Must Love Cats: Why Videos Go Viral

kittens playing

It’s Internet Week in New York, and media experts from all over have gathered in SoHo to listen, learn, and discuss all the newest trends and insights made in the world of media, marketing, and the webosphere as a whole.

We’ve been attending a variety of info sessions over the last few days. One of the most interesting was a session entitled “Why I Shared Your Fabulous Content: The Science Behind Social Video,” presented by Unruly Media, that explored the different cultural and emotional triggers that cause us to distribute certain videos, and not others, and how the results you want can be emulated to maximize sharing potential. They conducted an intriguing experiment during the session. Audience members were asked to watch three different types of branded video content and choose which video they would be most likely to share.

One video, which featured cats with opposable thumbs, was the unanimous winner. In fact, according to viralvideochart.com when the video was launched at the end of April 2012, it went viral with 5,638,900 views to date and 573,248 Facebook shares — a success by any stretch of the word. But the question explored during the panel was why? Why did the video featuring cats with opposable thumbs go viral?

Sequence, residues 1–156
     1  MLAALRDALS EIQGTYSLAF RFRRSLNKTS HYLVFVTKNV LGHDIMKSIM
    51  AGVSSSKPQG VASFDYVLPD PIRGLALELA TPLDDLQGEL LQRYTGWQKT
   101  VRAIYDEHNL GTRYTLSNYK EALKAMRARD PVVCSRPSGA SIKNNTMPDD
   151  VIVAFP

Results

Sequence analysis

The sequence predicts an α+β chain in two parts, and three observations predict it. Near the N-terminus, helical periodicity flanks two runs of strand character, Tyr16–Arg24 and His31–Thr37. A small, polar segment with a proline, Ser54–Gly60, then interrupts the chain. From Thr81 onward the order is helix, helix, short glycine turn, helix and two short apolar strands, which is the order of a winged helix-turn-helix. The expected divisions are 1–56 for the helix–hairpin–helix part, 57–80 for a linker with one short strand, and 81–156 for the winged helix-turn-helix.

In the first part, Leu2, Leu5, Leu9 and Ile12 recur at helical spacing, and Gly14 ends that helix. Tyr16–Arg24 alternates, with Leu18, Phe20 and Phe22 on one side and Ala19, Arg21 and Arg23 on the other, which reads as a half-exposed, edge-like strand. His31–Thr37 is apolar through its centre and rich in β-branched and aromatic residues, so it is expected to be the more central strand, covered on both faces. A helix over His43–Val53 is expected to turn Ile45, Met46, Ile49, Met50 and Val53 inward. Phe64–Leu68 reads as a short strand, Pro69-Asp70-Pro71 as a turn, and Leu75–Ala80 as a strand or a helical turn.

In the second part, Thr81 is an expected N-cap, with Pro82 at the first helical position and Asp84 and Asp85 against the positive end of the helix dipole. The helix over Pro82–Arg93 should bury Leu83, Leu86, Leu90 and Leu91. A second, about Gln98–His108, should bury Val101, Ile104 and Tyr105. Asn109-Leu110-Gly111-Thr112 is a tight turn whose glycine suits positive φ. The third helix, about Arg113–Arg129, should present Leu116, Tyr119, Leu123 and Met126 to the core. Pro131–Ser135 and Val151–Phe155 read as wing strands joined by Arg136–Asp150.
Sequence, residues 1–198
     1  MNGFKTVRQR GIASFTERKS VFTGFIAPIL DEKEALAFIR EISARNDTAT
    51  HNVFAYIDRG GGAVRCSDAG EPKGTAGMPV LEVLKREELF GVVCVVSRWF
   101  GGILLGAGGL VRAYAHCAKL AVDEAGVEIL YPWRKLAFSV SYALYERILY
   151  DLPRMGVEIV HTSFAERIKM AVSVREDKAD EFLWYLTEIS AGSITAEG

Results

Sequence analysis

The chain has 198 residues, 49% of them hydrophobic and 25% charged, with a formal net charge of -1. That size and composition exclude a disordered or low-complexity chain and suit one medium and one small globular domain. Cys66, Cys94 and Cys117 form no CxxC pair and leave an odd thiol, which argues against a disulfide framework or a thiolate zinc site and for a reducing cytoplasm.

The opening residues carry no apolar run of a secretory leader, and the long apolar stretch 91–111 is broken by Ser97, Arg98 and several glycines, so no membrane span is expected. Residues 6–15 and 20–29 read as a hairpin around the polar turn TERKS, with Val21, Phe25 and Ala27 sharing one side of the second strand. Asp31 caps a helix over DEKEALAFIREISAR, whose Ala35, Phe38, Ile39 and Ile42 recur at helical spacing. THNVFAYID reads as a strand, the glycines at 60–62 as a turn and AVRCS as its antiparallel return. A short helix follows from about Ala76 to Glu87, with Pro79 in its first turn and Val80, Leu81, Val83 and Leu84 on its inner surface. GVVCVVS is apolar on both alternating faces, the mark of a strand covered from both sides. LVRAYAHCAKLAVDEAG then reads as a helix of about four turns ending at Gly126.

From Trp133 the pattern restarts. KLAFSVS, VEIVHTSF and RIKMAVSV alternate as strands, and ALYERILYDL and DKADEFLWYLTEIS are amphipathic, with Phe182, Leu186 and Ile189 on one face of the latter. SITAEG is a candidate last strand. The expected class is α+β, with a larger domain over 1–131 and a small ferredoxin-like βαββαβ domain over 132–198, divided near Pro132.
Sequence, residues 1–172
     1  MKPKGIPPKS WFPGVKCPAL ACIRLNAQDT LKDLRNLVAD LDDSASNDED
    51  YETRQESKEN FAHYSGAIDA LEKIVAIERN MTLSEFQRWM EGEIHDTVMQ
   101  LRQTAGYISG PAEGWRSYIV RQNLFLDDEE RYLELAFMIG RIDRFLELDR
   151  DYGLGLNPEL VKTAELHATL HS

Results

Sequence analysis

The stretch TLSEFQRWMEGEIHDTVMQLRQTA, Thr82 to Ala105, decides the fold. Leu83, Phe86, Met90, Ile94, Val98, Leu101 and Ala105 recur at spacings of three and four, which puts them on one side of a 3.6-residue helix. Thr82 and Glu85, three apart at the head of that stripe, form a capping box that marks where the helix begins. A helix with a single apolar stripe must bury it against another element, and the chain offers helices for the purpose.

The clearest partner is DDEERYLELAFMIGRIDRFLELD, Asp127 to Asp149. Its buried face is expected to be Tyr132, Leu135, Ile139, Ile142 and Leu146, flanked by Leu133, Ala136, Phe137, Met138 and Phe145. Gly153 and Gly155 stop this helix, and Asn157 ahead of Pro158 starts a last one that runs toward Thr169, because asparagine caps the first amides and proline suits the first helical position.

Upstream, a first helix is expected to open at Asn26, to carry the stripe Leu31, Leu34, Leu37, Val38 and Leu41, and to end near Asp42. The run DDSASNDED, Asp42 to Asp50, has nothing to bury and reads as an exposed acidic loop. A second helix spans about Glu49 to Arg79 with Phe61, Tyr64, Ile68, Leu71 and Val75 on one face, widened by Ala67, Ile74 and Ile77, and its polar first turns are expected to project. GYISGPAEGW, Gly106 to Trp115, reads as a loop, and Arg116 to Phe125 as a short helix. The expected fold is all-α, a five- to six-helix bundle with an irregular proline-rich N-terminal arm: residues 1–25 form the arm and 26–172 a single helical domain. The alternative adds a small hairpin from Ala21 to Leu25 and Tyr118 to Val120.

There are a number of factors that contribute to our perception of images and the composition of video. One of the reasons the cat video went viral was the use of cats in and of itself. Everyone loves a good cat video, and regardless of the content of the other two videos, most people would respond most positively to the video containing cute animals. But more than that, this video contained a storyline—cats with opposable thumbs playing card games, drinking in bars and dancing. In other words, they were engaging in activities almost all of us can relate to and are familiar with, but the story had a slight twist in that these were cats — not people – doing all of this normal human stuff.

The discovery was made that videos with higher sharing rates are the ones which provoke a physiological response; whether it is laughter, tears, anger or disgust, high arousal responses are a big reason why people share certain videos and not others. Videos with positive high arousal responses have higher share rates than videos with negative high arousal responses, however the bottom line is that stirring up an emotion in the viewer makes for more shareable content. Viewers that are engaged on an emotional and cultural level — rather than, say, in the product benefits and attributes realm — want to share that video with others. What does sharing do? It makes for higher enjoyment because people are sharing with friends, colleagues, family members, and sharing encourages brand association as well as higher recall. The key take away here is that videos are more likely to go viral if they possess those emotional triggers that make us human.

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